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Improving the temperature stability of a temperature controlled water bath

  1. Jun 20, 2011 #1
    Hello, I have a temperature controlled water bath that is capable of controlling the temperature of the water to 0.2 degrees C. However this isn't good enough for my application and I require a greater level of stability. I want to place a metal box filled with oil inside the temperature controlled water bath in order to dampen down the temperature fluctuations that occur in the water.

    Will this work? My intuition tells me that in order for this to work the specific heat capacity of the oil inside the metal box needs to be greater than the specific heat capacity of the water to have any effect.

    Another factor I have consider is the viscosity of the oil. Because the oil is more thick than the water I may get areas inside that are hotter than others and because the oil does not circulate as readily as water I may get hot areas. For example the oil near the inside walls of the metal box will be hotter than the oil at the surface of oil as I do not intend to fully submerse the metal box in the water because I am worried that water will leak through the list of the metal box. I need a uniform temperature throughout the oil.
  2. jcsd
  3. Jun 20, 2011 #2

    Andy Resnick

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    How large a volume do you require to have the temperature controlled to better than 0.2 K? How well do you have to control the temperature? What is the target temperature (i.e, 0 C? 40 C? 700C?)?

    When we needed to hold temperature variations to less than 0.05K, we used Peltier devices, but the active volume was only about 1 cm x 1 cm x 10 cm.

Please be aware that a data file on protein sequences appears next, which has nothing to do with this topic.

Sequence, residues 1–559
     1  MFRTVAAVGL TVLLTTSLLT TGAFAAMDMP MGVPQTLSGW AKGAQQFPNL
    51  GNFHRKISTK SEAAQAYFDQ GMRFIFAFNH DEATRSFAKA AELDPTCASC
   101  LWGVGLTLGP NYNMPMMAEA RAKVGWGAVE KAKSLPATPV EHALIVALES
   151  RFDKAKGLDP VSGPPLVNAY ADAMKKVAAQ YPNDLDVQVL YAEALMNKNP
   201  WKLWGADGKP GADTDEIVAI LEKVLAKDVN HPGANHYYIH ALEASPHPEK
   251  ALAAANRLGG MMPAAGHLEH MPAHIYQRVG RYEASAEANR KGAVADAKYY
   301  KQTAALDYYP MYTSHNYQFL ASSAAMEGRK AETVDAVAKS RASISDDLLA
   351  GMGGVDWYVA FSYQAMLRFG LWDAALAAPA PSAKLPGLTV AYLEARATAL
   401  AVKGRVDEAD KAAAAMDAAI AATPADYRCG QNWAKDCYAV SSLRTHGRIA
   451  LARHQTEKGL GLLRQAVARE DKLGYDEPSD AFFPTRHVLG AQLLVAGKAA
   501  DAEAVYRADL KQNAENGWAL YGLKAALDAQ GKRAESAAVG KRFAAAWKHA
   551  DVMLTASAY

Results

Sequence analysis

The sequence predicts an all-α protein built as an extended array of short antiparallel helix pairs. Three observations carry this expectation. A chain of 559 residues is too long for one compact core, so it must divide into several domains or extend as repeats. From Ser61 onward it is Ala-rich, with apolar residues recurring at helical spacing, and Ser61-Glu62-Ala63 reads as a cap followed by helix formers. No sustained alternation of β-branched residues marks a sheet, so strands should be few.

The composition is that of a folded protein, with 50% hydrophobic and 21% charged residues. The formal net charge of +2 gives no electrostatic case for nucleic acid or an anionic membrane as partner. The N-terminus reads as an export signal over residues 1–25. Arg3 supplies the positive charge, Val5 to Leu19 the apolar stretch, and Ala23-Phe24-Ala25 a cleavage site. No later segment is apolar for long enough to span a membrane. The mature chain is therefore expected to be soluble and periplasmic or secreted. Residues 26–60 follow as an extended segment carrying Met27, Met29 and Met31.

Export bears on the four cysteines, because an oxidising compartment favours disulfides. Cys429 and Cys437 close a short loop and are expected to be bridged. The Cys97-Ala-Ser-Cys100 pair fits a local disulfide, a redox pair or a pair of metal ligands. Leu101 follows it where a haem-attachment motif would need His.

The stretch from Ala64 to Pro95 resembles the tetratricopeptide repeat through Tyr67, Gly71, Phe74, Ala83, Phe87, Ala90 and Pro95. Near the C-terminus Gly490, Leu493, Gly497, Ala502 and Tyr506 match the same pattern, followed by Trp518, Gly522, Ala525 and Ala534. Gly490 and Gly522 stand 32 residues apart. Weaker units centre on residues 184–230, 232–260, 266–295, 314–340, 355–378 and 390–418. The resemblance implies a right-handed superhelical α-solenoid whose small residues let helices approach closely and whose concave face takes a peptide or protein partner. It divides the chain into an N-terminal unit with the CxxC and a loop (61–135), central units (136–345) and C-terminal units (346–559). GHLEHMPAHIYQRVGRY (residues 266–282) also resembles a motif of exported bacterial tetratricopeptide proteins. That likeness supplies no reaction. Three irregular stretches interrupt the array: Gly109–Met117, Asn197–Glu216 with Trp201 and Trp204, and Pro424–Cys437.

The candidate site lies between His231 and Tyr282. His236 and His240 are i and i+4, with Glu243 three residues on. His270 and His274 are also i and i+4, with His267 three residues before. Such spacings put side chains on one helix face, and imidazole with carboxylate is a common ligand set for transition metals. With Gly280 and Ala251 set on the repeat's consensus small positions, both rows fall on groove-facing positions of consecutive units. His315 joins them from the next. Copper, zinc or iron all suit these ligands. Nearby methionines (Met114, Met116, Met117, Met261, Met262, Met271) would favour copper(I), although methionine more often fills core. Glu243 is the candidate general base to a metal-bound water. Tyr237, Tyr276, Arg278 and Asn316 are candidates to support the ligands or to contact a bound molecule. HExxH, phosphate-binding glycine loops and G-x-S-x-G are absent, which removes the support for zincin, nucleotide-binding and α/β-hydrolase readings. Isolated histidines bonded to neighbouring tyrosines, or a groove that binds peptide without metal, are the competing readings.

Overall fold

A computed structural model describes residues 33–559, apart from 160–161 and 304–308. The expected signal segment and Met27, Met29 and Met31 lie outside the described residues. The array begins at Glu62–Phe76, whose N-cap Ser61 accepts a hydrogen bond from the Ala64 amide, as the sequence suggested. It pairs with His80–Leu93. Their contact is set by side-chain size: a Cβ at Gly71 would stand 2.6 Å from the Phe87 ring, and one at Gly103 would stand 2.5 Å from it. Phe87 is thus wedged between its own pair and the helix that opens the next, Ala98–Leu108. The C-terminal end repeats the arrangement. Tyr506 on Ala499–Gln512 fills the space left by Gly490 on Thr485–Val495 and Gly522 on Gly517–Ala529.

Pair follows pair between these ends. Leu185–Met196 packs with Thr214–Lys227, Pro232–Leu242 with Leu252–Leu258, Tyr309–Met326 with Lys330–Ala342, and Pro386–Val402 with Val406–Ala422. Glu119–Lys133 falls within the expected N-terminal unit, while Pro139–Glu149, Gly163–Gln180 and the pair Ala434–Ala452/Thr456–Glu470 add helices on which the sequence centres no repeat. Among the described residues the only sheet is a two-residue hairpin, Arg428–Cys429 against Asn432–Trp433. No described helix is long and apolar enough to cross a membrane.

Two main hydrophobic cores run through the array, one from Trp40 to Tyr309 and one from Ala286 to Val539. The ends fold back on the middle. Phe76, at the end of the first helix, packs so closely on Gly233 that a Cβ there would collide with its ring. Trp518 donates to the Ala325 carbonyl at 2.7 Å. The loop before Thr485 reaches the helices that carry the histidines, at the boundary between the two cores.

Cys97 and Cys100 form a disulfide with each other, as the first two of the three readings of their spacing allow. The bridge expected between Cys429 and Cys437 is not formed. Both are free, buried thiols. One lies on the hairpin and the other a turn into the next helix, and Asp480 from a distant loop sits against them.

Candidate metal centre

4. Jun 20, 2011 #3
    The dimensions of the temperature bath is 274 x 330 x 559 (H x W x L). The volume of the metal box filled with inside the bath is 150 x 300 x 240.

    The best performance I can get from the temperature controlled bath is 0.2 degrees C/hour when it is set to 35 degrees C.

    I want to use the oil to dampen down this and see if I can reduce it to maybe 0.1 degrees per hour when it is set to 35 degrees C.

    I am sure you can calculate the thermal fluctuations of the oil as a result of the water temperature varying. I just don't know about thermodynamics, thermal mass, diffusivity and heat capacity can solve this...

    N.B I am using silicone oil with a viscosity of 50 Centistokes.
  5. Jun 22, 2011 #4
    Can anyone offer some help for my problem?

    I thank you in advance :)
  6. Jun 27, 2011 #5
    In the interest of offering something back to the website I will paste my notes I made on this subject:

    I have investigated the effect of using a bain-marie method for improving temperature stability. The idea is to place a metal container of oil inside the temperature controlled water bath. I have been trying to figure out why this will work last night.

    If we examine the equation for thermal diffusivity:


    k : thermal conductivity (SI units: W/(m·K))
    p : density (kg/m³)
    cp : specific heat capacity (J/(kg·K))

    The definitions for the terms are:

    Specific heat capacity, is the measurable physical quantity that characterizes the amount of heat required to change a substance's temperature by a given amount